Socialization needs should also be discussed when planning ahead for long-term care. Some people are social butterflies and others are introverts. However, research shows that successful aging includes having an active network, or community of friends and a regular schedule of activities to engage in with others. Part of thinking ahead for long-term care needs includes accepting that a senior's peers may die before they do. Many seniors who are in their 90's have outlived their siblings and friends. How will they be able to maintain an active community of friends and activities? Technology allows us to more easily connect with loved ones but still does not replace in-person socialization. Senior living communities have expanded to offer services that would be similar to resort living and deliver the added benefit of having regular activities and can be a solution for senior's who might become isolated as they outlive loved ones.

Memorial services now can also be preplanned. As the saying goes, nobody gets out of this alive. Long-term care planning can also discuss a memorial service or life celebration service.

Estate plans or wills should also be confirmed as part of making long-term care plans. It's important to discuss the costs of senior care if they are required around the clock as this could require more money to be spent on care. Updated look-back laws for qualifying for the low-income Medicaid senior care program make it much more difficult for a senior to give away assets in order to qualify for Medicaid. Many adults remember grandparents or aunts and uncles who gave away money and then went onto Medicaid services but it is no longer possible to do that. However, a senior may spend down their assets to qualify for Medicaid. An elder care attorney will be able to assist in this part of the senior's long-term planning.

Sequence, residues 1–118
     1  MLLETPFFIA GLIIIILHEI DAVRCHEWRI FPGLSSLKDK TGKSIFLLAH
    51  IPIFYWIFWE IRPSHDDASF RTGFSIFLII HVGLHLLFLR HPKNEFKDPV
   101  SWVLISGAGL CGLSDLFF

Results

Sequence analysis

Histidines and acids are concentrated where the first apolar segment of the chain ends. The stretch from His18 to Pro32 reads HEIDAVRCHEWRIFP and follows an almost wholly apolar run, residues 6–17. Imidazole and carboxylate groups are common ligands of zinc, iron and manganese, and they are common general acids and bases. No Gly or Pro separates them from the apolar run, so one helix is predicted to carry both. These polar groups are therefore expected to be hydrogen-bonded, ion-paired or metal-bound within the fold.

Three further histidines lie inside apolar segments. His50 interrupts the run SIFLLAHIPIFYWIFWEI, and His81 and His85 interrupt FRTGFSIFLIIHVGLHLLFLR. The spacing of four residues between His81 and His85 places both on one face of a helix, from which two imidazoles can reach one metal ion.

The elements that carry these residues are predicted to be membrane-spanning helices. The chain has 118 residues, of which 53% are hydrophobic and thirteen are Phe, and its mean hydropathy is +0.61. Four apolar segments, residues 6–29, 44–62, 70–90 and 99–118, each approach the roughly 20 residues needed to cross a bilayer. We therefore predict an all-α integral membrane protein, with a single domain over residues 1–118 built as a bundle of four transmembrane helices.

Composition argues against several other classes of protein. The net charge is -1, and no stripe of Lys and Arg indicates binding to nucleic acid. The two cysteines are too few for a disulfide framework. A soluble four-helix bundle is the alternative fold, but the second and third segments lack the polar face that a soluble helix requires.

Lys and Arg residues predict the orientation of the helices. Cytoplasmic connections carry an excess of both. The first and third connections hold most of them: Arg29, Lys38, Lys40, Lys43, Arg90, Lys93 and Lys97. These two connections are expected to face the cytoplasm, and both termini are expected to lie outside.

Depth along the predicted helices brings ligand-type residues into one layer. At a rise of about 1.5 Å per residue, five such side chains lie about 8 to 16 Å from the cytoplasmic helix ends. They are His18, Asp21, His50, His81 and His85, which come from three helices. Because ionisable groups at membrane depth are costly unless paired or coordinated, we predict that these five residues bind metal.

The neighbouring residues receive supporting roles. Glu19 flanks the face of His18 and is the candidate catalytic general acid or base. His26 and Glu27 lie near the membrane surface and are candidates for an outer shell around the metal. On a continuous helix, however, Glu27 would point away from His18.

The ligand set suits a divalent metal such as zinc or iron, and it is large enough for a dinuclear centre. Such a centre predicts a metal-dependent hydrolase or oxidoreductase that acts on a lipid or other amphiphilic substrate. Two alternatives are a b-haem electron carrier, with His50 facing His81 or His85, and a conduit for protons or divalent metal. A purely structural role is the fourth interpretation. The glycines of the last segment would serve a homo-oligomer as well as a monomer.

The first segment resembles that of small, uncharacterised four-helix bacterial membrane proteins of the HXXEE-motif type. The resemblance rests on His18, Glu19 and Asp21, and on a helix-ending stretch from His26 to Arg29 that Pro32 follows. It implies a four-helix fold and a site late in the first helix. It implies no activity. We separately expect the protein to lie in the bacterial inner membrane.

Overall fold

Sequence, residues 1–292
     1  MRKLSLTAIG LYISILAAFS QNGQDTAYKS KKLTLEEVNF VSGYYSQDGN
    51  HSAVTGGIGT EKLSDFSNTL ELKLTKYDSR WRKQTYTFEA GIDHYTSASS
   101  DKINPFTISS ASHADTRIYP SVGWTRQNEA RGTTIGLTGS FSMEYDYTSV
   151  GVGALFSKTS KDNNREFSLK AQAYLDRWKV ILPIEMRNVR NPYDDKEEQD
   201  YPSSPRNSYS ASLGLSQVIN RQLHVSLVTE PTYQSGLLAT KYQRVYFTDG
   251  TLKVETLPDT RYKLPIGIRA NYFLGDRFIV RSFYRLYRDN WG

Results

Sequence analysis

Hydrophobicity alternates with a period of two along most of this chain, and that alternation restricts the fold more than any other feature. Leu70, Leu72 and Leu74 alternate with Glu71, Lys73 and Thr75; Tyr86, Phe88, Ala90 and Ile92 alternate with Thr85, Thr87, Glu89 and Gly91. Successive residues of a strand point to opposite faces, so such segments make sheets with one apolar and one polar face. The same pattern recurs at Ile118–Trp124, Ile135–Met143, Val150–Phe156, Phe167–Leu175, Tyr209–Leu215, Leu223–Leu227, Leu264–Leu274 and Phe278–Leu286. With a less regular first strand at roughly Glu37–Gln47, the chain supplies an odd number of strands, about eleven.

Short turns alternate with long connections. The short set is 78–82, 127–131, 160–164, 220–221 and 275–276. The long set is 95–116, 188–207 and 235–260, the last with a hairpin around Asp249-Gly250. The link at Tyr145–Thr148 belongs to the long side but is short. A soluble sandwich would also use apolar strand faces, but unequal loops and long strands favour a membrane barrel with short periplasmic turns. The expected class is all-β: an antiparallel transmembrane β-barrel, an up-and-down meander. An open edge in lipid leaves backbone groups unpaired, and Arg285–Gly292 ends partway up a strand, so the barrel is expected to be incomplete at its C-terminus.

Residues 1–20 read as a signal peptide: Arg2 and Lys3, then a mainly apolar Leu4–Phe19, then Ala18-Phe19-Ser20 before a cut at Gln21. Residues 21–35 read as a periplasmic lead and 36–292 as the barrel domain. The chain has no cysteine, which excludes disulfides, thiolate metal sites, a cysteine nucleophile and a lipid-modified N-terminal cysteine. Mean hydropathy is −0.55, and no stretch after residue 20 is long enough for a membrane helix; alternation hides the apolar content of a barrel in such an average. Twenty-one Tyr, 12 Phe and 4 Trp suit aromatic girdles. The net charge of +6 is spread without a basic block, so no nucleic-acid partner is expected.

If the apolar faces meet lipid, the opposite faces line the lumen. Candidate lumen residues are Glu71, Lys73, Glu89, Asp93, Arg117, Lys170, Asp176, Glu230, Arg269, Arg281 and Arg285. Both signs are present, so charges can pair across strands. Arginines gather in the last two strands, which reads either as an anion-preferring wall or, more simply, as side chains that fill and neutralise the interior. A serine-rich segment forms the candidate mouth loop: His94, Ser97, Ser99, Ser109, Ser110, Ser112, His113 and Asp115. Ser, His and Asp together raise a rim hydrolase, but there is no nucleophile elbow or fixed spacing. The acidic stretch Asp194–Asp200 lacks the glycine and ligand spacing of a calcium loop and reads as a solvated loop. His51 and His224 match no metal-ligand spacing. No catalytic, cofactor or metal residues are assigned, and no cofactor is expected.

Long-term Care Planning Checklist

  • Finances: monthly income and savings
  • Location: age-in-place in-home or prefer to move or need to move?
  • Medical Services: ability to easily travel to medical doctors, rehabilitation services, and hospitals
  • Power of Attorney Documents: establish P of A for Healthcare and Finance and HIPAA permissions
  • Socialization: what happens if a spouse or close companion dies?
  • Memorial Service: funerals or memorial service plans
  • Estate Plan or Will: confirm an estate plan or will has been created and updated

These are the essentials for long-term plans to meet all the necessary needs in an emergency. Talking about money, legal documents and lifestyle changes after friends pass away are all constructive ways to plan ahead for senior care. Long-term care planning tools can be used to take the emotion out of the discussion and assist families to focus on the legal requirements, financial considerations and care needs for the long-term care plan. Professional care managers can also be hired as a long-term care guide.

Signs Someone May Need Long-term Care

Planning ahead for long-term care will make it much easier for loved ones to know a senior's wishes if an emergency care situation arises. However, sometimes a senior does not realize they need care. Seniors experiencing memory loss will many times not realize they need assistance. There may also be fear around losing independence or about the costs of care. Planning for long-term care for a man may be different, of course, than planning for long-term care for a woman and thought should be given to a scenario where one or the other of a spouse passes away. The importance of planning ahead for couples makes it much easier to consider how the long-term care needs will change based on which spouse outlives the other. 

Long-term care plans for seniors enable them to be in control of their care and confident they will receive the care of their choosing.

Long-term Caregiver Responsibilities

Caregiving services will provide companionship, assistance with Activities of Daily Living (ADL's) and escorting to medical appointments along with transportation and housekeeping.

How to Plan for Long-term Care Financially

Senior care service costs vary widely, depending on if the care will be provided in the home, in an assisted living community and as temporary respite care or as long-term care (ongoing).

Also, adult children or grandkids may be able to assist with the care. Hourly care will include payroll costs and insurance protections as well as a care manager for caregivers hired through licensed senior home care agencies. Assisted living communities usually suggest having at least $2,500 per month available for rent plus additional funds for care services when the need arises.